In Backgammon, It’s Called the Running Game
McCain is suspending his campaign for the moment and calling for a postponement of the Friday debate. The dramatic (or erratic) moves are understandable granted the marked decline in his fortunes that has taken place over the last ten days or so as the financial crisis made even the lowest information voters notice how badly his party has handled the economy. He’s in the situation of a chess player with a bad position who complicates the game even at the cost of making inferior moves—a perfectly rational strategy that many losing candidates have tried, though it does seem to work better in chess than politics. McCain’s desperation did not just begin, however.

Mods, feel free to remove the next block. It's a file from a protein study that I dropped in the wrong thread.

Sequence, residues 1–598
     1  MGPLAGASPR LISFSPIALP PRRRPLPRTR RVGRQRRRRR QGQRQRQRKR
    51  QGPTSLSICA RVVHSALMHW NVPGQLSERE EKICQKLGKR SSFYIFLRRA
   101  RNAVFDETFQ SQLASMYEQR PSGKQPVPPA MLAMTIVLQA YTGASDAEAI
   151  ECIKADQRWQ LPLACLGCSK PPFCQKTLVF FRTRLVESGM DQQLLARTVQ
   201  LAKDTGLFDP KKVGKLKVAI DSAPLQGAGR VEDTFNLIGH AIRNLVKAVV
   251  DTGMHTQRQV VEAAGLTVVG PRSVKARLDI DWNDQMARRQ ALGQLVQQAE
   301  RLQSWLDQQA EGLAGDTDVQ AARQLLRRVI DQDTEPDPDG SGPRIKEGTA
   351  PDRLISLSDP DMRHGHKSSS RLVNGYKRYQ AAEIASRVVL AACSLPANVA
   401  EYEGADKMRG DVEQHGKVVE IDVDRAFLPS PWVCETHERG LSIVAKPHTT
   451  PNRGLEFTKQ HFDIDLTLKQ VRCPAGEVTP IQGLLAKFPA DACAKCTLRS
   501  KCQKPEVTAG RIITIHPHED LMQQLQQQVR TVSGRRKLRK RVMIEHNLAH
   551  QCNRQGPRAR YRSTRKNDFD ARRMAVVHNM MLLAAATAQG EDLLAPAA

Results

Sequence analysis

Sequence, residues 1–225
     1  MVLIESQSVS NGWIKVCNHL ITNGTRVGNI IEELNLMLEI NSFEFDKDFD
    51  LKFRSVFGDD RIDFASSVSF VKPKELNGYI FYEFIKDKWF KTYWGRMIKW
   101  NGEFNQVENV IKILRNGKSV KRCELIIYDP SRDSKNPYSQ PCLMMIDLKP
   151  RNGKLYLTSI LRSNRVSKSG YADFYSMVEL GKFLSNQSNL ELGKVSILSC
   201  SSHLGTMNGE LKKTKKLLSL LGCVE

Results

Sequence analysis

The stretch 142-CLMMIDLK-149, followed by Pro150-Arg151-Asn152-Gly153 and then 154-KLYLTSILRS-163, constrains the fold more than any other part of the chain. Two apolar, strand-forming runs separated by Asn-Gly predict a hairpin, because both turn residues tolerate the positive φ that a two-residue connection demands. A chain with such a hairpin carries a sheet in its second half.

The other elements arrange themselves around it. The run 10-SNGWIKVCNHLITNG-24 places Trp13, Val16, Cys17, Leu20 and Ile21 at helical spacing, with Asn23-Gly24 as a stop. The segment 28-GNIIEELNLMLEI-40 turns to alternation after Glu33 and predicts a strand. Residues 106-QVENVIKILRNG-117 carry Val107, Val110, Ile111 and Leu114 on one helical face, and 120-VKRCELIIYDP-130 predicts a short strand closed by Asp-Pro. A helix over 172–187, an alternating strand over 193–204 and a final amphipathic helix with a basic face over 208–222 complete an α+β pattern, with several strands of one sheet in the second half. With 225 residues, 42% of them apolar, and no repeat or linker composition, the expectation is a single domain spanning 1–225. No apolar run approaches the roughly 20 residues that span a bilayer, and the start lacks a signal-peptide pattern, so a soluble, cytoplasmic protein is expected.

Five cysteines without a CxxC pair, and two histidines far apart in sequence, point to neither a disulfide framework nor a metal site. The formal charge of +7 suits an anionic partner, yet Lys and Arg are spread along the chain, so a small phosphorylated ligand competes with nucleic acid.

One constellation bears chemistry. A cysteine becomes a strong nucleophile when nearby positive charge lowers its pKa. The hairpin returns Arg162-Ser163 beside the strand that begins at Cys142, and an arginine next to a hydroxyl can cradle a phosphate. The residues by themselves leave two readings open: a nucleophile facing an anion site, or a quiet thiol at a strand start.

The Palin nomination was already a capitulation to circumstances, a Pearl Harbor attack that inflicted temporary pain on the enemy but probably guaranteed defeat. So long as McCain had real faith in his prospects, he kept his distance from the crazy right faction of his own party and tried to run as a moderate. By signing up Palin, he ensured himself of the fanatical support of 40% of the country; but he also gave up on winning the middle. The most probable result of his surrender to the Culture War right is an increased prospect of losing less badly purchased at the cost of forgoing any reasonable chance of eking out a win.